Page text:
After an inspiring visit to Boulder Journey School for an early childhood conference, we were motivated to jumpstart a project I’m calling Lights and Levels across both Stepping Stones locations. The project includes adding opportunities to diversify play levels and add projection to play invitations. This is the story of our preschoolers adding projection to their play.

To read about play levels, visit Lights and Levels; Part One.

Part Two: Adding Light Through the Use of Projectors

Adding projection illuminates opportunities for:

  • Responding to large scale images / engaging with a projected environment.
  • Investigating colors, shapes, shadow & reflection.
  • Seeing our work and ourselves in a new way
  • Storytelling


Our Logan Square Blossoms classroom was very interested in incorporating projection into their classroom to see how the children would respond.  They began the exploration by projecting an image of the Chicago Skyline onto a wall in the construction area.  

What did we notice?

Blossoms Builders

The children used a combination of large blocks, small blocks, and small world characters to build within the frame of the projection and create interesting shadows in front of the image.  We noticed that they used the projection to determine the height of their build, and were interested in using unique shapes and characters to create interesting shadows on the wall.  Some children were interested in the fact that the image projection was transferred to the blocks themselves, and others were more interested in putting items in front of the light source to see what would happen.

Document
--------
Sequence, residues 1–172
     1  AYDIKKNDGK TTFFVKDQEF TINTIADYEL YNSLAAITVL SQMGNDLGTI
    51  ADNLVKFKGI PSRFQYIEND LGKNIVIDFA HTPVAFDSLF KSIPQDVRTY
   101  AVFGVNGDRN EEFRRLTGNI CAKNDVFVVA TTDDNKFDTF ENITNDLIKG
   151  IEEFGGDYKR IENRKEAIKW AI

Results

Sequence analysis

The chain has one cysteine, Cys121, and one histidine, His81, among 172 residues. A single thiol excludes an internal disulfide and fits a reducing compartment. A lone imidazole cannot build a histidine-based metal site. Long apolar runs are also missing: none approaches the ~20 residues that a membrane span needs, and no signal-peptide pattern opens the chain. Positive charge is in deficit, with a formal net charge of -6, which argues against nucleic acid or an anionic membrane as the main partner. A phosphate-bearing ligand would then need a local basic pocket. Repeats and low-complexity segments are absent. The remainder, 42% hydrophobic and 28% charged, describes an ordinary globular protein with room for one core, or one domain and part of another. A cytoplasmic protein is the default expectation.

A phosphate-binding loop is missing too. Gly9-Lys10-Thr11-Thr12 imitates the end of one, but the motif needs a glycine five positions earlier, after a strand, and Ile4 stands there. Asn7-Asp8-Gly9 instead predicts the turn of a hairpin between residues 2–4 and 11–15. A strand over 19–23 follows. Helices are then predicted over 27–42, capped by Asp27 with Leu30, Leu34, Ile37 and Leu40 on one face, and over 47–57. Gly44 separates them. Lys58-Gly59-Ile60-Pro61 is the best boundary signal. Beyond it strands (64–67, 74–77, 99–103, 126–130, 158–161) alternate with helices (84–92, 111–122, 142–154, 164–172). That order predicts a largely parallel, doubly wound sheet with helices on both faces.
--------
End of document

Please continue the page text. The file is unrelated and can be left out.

Storytellers and Artists

After the children had a chance to fully explore building in response to a projection, the teachers decided to try a new idea related to another classroom interest: storytelling.   We chose a book without words and projected the illustrations on a large scale so the children could see the details and narrate in their own words.  We then chose a single image from the story and the children responded to it with oil pastels and butcher paper.   Many students engaged in large body movements with their pastels, mimicking the motion of the water.  Others focused on the details of the birds and shells.  Some wanted to create their own, smaller, drawings at a table using the image as a reference.

What were we wondering about?

  • How would the children respond to a projection of an environment like space, ocean, or forest?
  • What are some other ways we could play with shadows using the projector?
  • How can we honor their desire to engage in color play with the projector?

Projecting a moving ocean scene on the wall inspired lots of dramatic play!  Children used their imagination to try and “catch the fish” swimming through the frame.  They also used the small sea creature toys to create shadow swimming through the blue light.

For additional shadow and color play, the teachers brought in the overhead projector and set up a light lab in the back of the classroom.   Children had access to a variety of materials to explore on the overhead including: stencils, letters, and colored cellophane and geometric shapes.

Check out Part One of this blog as well, which focuses on the addition of play levels in the preschool classroom!

  • Visit Boulder Journey School for your own play-based inspiration and opportunities to attend their conferences!
  • The story without words featured in our project is called Wave, by Suzy Lee.  She has illustrated a number of wordless books that our children love!